George lives with his daughter, who has been his primary care for the last 10 years.  She is in her 50s, and is my mother-in-law, too.  While she’s only a bit younger than my other mother, there are enough similarities to claim they have a shared generational experience at the very least, while being different enough to not have that creepy feeling when someone gives you a “mom” vibe.  While she is my mother-in-law, she doesn’t treat me like a “son,” and that tends to make things go more smoothly, for sure.  She doesn’t work either, but keeps herself fairly busy in a given day, with shopping and crochet and reading.  For her, taking care of George was easy when he could get around on his own, drive a car, remember to take his own pills, and could cook for himself.  But in the last 10 years, she has seen him become more and more dependent on someone to be there for him, and anymore it is too much for her to handle and do the shopping, and do the cleaning, and have a life of her own.  I’m sure it wasn’t easy for her to admit that she needed help, but when she did, she made it very easy for me to want to help.

Like many people his age, George is stubborn and set in his ways.  He essentially lives to have another cup of coffee anymore, and while he is on decaf – and now by doctor’s request, should drink as little as possible – I fix him coffee more often than anything else.  His meals are very simple: he can usually have anything he has an appetite for, provided it has low salt and low sugar.  I fix him a lot of oatmeal and bran cereal for breakfast, leftovers for lunch, and some sort of meal that I help his daughter prepare for dinner.  One thing that has not diminished over the years is his appetite.  He will eat anything, and always finishes his plate.  Outside of going back and forth between his bedroom and his chair, he also visits the kitchen and the two bathrooms as well, but doesn’t do much else.

We also have some of the same conversations every day.  Part of the problem with George is that he is not at all forthcoming with anything about himself.  While he will occasionally contribute to a conversation, he is very much of an age where it was impertinent to talk about yourself, and clearly comes from a long line of people who preferred to put up with minor inconveniences so that he isn’t a burden on anyone.  And this is easy enough for him to think he needs to continue with, too; unfortunately at his age, he tends to forget how old his actually is.  So I usually have to go through a series of questions with him.  “How are you feeling?  Is there any unusual pain that you’re experiencing?  How’s your foot?  How’s your hand?  Do you need a pair reliever?”  By way of example: over two days I kept asking him how he felt, and his response was, “I feel like my head is in a fog.”  I tried to get him to elaborate, but he couldn’t say any more.  “Do you have a headache?”  “Not really, no.”  “Does your scalp hurt?”  “Of course not.”  “What do you mean, fog?”  “You know… what’s the word… it’s in a fog.”  By the end of the second day I was finally able to get him to say, “Well, you know when you feel pressure in your head?  Like your nose is stuffed up?”  Ahhhhhhhh.  I have a decongestant right here, George.  Let me get it.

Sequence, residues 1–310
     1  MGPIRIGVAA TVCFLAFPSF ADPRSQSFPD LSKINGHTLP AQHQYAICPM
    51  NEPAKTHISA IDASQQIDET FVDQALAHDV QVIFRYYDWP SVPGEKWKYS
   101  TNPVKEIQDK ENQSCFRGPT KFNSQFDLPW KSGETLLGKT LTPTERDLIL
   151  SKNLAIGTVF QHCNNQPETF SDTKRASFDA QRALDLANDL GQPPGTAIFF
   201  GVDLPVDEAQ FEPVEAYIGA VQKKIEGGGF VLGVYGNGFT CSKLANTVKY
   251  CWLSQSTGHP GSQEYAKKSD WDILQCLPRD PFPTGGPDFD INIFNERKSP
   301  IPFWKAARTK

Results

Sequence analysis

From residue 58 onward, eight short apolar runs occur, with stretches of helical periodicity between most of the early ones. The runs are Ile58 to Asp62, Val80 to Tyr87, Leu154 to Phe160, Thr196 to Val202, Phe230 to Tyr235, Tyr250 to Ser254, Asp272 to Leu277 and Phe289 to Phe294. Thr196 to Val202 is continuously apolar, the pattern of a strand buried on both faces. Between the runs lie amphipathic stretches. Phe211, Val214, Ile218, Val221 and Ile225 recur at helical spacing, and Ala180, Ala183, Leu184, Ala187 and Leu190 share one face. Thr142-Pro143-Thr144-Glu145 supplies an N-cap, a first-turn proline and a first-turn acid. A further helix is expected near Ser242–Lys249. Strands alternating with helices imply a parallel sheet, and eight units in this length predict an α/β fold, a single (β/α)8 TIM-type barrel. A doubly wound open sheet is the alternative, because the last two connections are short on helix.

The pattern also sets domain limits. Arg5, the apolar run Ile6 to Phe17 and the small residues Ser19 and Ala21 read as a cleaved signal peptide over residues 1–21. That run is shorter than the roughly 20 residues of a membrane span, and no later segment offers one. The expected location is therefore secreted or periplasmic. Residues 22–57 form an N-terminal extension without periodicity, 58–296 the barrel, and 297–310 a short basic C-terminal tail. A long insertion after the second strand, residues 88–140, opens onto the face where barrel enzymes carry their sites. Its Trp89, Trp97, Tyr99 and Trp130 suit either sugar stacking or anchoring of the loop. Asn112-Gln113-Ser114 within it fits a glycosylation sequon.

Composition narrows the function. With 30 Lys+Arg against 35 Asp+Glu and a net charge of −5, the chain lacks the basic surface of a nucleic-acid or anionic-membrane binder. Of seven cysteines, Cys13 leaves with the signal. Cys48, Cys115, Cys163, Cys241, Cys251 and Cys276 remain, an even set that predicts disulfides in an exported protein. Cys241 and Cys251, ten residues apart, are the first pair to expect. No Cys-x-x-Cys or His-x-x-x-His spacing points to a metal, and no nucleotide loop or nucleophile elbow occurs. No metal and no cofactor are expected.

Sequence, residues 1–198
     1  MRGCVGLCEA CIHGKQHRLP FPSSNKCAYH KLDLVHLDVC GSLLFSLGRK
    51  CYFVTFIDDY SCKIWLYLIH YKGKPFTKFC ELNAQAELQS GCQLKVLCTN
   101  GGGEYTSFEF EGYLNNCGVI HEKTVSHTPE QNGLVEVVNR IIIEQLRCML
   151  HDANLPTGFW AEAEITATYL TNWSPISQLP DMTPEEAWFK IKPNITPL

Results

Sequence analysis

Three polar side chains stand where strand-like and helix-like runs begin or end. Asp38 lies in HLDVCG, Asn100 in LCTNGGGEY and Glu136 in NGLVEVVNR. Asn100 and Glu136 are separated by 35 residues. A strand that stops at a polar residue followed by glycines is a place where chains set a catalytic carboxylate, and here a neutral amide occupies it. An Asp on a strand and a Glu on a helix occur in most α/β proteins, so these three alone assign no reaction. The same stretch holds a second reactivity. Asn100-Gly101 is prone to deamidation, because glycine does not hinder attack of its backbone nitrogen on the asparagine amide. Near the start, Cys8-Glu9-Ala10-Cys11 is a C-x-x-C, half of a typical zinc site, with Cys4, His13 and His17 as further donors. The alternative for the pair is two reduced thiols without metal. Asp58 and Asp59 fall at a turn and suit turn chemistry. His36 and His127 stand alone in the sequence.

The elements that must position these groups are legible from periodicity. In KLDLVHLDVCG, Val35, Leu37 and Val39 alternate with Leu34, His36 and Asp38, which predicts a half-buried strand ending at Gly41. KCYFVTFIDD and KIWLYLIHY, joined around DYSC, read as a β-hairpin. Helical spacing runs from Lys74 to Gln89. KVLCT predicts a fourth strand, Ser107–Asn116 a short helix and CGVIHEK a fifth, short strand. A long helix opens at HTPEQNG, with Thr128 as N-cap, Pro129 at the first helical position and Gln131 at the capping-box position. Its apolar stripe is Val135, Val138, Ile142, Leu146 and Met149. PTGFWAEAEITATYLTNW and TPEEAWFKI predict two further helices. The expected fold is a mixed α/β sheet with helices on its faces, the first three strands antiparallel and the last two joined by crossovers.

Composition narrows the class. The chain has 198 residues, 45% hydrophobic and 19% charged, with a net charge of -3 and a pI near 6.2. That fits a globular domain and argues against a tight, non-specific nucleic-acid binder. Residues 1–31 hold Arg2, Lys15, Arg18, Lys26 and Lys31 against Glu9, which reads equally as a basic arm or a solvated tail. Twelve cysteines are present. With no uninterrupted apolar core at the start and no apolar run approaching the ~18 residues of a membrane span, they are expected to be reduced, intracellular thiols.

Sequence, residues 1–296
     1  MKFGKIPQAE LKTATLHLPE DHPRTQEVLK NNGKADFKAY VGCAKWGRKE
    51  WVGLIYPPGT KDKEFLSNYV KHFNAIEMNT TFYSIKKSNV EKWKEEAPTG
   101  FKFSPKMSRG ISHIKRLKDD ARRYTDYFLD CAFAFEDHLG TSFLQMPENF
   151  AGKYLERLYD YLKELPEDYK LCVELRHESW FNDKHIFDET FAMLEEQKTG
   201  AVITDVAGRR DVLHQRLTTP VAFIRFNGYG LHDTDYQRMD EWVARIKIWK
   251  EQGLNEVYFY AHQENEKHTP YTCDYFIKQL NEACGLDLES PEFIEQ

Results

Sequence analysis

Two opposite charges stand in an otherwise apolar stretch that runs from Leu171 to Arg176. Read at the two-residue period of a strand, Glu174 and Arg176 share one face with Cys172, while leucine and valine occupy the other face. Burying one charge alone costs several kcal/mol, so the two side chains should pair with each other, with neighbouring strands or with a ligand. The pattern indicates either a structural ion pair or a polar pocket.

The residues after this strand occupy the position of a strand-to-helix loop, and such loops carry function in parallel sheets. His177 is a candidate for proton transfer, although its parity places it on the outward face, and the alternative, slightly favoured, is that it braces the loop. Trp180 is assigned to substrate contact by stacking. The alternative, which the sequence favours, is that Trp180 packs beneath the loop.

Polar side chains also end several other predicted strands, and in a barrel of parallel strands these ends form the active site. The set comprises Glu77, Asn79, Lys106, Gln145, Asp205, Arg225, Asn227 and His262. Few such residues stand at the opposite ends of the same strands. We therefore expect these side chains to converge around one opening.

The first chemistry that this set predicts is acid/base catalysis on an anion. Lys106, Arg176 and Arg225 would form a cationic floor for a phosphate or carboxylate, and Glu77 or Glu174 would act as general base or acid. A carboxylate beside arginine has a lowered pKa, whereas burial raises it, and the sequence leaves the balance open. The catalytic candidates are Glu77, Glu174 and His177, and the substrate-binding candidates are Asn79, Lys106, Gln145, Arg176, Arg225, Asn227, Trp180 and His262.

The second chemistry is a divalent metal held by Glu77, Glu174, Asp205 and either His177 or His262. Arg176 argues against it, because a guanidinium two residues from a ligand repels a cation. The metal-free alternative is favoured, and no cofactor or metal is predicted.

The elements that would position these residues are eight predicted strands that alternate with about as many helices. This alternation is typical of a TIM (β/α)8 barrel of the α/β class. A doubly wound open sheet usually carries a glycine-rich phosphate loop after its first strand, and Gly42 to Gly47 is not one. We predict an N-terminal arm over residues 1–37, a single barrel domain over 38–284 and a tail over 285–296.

There are a few consistent problems that we are regularly combatting.  Because of various problems he is suffering from, his left hand and his left leg have a tendency to swell.  As it was explained to me, fluid is pooling up because he is not very active.  So, whenever possible, we need to elevate his arm, and when he naps or sleeps, elevate his feet.  Improving his hygiene was a challenge, too; showers were difficult for him, and even when they were successful, exhausted him for the rest of the day.  So a professional started showing up once a week to get him in and out of the shower without a fall.  And, while this is embarrassing – and I do not mean to take away any of his dignity with this – he does have a consistent problem with wetting the bed and shitting himself.  However, I have chosen to see that as a boon; one negative health sign is when he stops being regular, and at least for now, he has absolutely no problem with that.

The biggest challenge I faced in the early days of taking care of George was cleaning his room.  Soon after I started coming over I realized that George’s daughter hadn’t been in to clean his room in ages.  Part of this was out of practical problems; while we has napping and sleeping was a bad time, and between feeding him and helping him with anything else, there was often little time to get in there before he wanted to take a nap again.  Combine that with the other daily chores she was handling, and it was easy enough for anything in George’s room to be forgotten once he closed the door.  So when I began to poke around and find the dust and filth building up in the corners, I realized I had to undertake the task of diverting a river into his room.

As explained by the Home Care professional, as people age the tend to sluff off more dead skin that the average person, which creates more dander and dust that normal.  That, combined with the detritus of being an old person with terrible memory – led to tissues and paper towels soaked in who-knows what kind of fluid accumulating in various corners of his room.  And, as the professional said, it was important to clean this often, as dander can lead to lung infections if you breath it too often.  So each time I would try to get in there and clean, all I saw was George’s DNA floating suspended in every corner of that room.